Edinburgh Fringe: Alex Walton (From Ibiza to the Norfolk Broads) interview

The hugely acclaimed hit show tells the tale of a young David Bowie obsessive on a thrilling journey in the footsteps of his obsession, leading him to discover some long-hidden truths. What follows will change his life forever. Powerful and emotional, music and magic realism collide in this darkly funny and moving production featuring Alex Walton. The life of the pop fan is brilliantly dissected in this tale of unnatural teenage wildlife.

AAA caught with Alex for a chat in between shows.

How has your Fringe been so far?

It’s been fantastic. There’s so many things to see, it’s a “wood for the trees” situation. Not enough hours in the day to everything I want to, but enjoying every single moment

Tell us a bit about the show you’re in?

It’s called From Ibiza to the Norfolk Broads – it is a solo show following the journey of Martin on his pilgrimage through Bowie’s London on the search for his estranged father. Peppered with Bowie music, rare images and quotes featuring the voice of Rob Newman as Bowie. It’s a homage to London, a glimpse into the origins of Bowie and what effect he has on a troubled teenager.

What’s the audience reaction been so far?

Everyone has been extremely complimentary. It’s quite a heavy hitting story, and a few people have been surprised, as they’re expecting something different, it’s not one for the fainthearted, but words like ‘powerful’ and ‘affecting’ have been regularly heard after the show, and that’s what the show aims to achieve – to make an impression on audiences.

Do you read your reviews? Do negative ones bother you?

Yes, I do read the reviews. Thankfully, we haven’t had any particularly negative ones so far – there have been constructive comments, and sometimes we do take on board criticisms, but they never directly affect the show. Theatre is an organic beast, always developing, and that’s what I love about it.

There’s thousands of shows on – why should Fringe-goers fork out to see yours?

The Fringe is a hub of new and exciting works, and that’s what makes it such a vibrant place to perform. The intimacy our show offers is perfect for a Fringe stage. I personally feel we try to break the mould of solo shows – it has been said that it feels like a multi-cast production and that the audience forget they are watching one actor, which is really very humbling indeed.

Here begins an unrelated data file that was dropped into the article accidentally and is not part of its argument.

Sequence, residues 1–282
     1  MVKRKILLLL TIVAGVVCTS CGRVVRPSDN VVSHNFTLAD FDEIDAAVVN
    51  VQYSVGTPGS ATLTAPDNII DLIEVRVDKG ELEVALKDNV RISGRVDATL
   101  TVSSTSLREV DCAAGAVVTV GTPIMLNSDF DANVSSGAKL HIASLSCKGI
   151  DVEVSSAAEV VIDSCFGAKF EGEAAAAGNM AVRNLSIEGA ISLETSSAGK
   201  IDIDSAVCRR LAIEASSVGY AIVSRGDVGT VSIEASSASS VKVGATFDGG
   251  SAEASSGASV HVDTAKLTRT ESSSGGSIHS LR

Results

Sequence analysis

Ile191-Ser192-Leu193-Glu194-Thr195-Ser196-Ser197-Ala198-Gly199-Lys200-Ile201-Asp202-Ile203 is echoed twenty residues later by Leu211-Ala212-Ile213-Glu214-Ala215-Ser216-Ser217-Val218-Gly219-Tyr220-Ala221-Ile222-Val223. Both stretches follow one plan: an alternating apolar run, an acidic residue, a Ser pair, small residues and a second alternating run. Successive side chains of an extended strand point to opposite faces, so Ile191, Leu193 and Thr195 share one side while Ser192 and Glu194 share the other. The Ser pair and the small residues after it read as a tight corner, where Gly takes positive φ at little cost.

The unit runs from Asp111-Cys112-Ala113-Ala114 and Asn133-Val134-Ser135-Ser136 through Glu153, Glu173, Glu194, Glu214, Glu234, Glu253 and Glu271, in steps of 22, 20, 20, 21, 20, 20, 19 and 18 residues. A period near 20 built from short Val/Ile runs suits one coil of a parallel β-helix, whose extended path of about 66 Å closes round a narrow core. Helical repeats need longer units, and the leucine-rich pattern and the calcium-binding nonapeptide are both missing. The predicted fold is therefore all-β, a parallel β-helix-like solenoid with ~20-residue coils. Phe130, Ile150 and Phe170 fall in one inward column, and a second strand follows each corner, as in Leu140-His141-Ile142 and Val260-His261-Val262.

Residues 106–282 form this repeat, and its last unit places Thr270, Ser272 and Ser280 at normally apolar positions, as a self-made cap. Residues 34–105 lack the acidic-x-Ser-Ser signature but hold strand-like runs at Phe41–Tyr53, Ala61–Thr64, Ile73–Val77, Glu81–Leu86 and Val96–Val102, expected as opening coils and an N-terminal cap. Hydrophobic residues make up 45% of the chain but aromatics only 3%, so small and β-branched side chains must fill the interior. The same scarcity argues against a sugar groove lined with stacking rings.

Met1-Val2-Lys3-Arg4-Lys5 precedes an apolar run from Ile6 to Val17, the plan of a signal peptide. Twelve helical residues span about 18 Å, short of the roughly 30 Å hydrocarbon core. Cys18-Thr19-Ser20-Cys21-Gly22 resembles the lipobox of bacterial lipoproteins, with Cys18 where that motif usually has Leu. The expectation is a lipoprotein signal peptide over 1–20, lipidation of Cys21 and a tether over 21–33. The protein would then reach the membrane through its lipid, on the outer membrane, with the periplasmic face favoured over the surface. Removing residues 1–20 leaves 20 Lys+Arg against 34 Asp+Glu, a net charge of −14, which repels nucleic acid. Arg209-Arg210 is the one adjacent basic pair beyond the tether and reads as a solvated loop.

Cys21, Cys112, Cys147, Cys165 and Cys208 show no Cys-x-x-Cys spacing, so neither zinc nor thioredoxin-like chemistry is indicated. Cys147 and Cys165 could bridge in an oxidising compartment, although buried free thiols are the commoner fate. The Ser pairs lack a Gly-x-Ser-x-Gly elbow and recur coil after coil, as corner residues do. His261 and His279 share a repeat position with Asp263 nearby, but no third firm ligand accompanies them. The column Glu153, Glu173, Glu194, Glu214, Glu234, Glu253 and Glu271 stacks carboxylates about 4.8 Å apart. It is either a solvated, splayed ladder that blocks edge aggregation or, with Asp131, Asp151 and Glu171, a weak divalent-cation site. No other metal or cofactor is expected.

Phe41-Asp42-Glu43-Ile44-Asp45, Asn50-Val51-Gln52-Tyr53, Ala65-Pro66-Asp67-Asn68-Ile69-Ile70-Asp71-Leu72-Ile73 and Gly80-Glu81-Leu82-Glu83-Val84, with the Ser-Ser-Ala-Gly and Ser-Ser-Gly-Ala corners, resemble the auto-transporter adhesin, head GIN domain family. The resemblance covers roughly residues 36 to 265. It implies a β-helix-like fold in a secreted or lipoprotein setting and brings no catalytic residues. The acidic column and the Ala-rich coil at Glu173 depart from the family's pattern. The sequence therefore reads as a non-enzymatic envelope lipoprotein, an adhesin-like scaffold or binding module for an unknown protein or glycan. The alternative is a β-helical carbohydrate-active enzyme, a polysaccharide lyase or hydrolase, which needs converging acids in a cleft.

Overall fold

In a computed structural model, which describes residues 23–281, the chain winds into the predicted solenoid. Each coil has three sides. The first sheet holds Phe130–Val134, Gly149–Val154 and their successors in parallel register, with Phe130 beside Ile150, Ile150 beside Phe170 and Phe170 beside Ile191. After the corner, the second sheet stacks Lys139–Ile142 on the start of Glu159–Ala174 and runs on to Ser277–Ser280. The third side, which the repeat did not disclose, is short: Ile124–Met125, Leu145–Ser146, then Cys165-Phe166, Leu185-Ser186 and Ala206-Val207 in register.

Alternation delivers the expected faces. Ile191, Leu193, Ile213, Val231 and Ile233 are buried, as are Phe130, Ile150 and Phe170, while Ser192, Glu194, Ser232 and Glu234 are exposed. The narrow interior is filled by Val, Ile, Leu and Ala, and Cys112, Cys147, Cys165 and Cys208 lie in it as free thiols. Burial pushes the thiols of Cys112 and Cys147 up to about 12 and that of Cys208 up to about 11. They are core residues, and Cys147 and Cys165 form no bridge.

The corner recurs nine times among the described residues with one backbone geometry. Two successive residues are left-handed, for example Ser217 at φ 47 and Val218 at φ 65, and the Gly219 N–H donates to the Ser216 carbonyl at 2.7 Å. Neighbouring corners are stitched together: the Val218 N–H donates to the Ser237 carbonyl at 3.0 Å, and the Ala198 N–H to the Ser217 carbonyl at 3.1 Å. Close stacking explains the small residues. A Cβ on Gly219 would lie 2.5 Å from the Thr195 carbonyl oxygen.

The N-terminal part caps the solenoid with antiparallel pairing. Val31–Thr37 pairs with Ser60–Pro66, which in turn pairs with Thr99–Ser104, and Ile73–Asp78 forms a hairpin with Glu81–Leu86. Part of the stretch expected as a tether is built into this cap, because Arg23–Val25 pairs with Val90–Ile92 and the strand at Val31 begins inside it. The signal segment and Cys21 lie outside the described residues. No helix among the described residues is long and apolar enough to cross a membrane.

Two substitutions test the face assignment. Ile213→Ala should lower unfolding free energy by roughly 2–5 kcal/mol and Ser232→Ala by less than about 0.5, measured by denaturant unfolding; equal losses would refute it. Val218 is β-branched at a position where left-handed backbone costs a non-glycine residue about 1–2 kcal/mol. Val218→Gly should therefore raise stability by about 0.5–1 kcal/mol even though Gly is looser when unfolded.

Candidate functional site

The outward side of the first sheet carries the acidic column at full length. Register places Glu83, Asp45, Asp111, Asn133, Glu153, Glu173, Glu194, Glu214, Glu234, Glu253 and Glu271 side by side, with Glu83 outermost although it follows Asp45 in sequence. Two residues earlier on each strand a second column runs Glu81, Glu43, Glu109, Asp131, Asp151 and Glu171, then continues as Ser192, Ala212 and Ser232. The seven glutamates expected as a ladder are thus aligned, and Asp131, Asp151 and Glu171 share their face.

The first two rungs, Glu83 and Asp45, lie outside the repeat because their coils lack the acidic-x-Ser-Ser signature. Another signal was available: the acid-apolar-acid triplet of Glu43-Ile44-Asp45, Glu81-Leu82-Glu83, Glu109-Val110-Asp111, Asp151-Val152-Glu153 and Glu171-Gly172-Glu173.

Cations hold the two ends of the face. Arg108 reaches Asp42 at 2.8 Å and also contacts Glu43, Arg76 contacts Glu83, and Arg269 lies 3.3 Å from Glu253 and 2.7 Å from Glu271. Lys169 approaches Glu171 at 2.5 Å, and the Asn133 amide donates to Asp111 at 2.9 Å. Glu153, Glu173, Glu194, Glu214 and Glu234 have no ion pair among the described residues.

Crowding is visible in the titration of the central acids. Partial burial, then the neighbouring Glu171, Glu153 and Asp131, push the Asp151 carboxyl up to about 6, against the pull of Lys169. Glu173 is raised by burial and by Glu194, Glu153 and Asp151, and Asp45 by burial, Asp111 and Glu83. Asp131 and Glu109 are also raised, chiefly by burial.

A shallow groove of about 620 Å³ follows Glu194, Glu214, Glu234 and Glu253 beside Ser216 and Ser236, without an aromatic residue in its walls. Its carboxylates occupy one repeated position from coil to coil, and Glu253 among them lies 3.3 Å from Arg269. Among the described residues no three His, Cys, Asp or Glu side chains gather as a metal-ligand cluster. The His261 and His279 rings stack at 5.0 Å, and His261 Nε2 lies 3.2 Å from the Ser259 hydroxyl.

Are there any other shows on this year you’d recommend?

Loads! BRUCE at the Underbelly. Dust, also at the Underbelly. The Nature of Forgetting at Pleasance Forth. Red Bastard at Pleasance Two. Luke Stephen Black Market. Titus Andronicus at The Space on the Mile.

What’s on your hit list to see?

Frogman, Traverse at Codebase. The Sweet Science, C Venue. Trainspotting, EICC. Caravaggio: Between the Darkness, The Space on the Mile. Catriona Knox: Adorable Deplorable, Pleasance Dome.

What do you like to do in Edinburgh on your day off?

Ha! Day off? What day off!? When I’m not on stage, I do like to cycle around town, finding little gems to explore. I brought my bike up. It keeps me fit too.

Do you agree with those who say the Fringe has become too big?

No, but I haven’t been here for 16 years, and it’s much bigger than I remember, but not too big if you know what you want to see. Do your homework before you arrive, makes life so much easier.

Can you recommend a bar or restaurant in Edinburgh?

Bars: Pleasance Bar (of course). Abattoir and Loft bar to catch up with other performers. Restaurant: Sabor Criollo – little Venezuelan family-run place in Stockbridge that’s been there 17 years.

What’s the strangest thing you’ve seen in Edinburgh this year?

A show at the Omnitorium, can’t remember the name, but a cabaret act that took a very dark turn!

Sell your show in no more than ten words…

“A whirlwind journey through Bowie’s London through teenage-fandom eyes”.

From Ibiza to the Norfolk Broads, Pleasance Courtyard (Venue 33),  1.55pm, until 28 August, www.edfringe.com 

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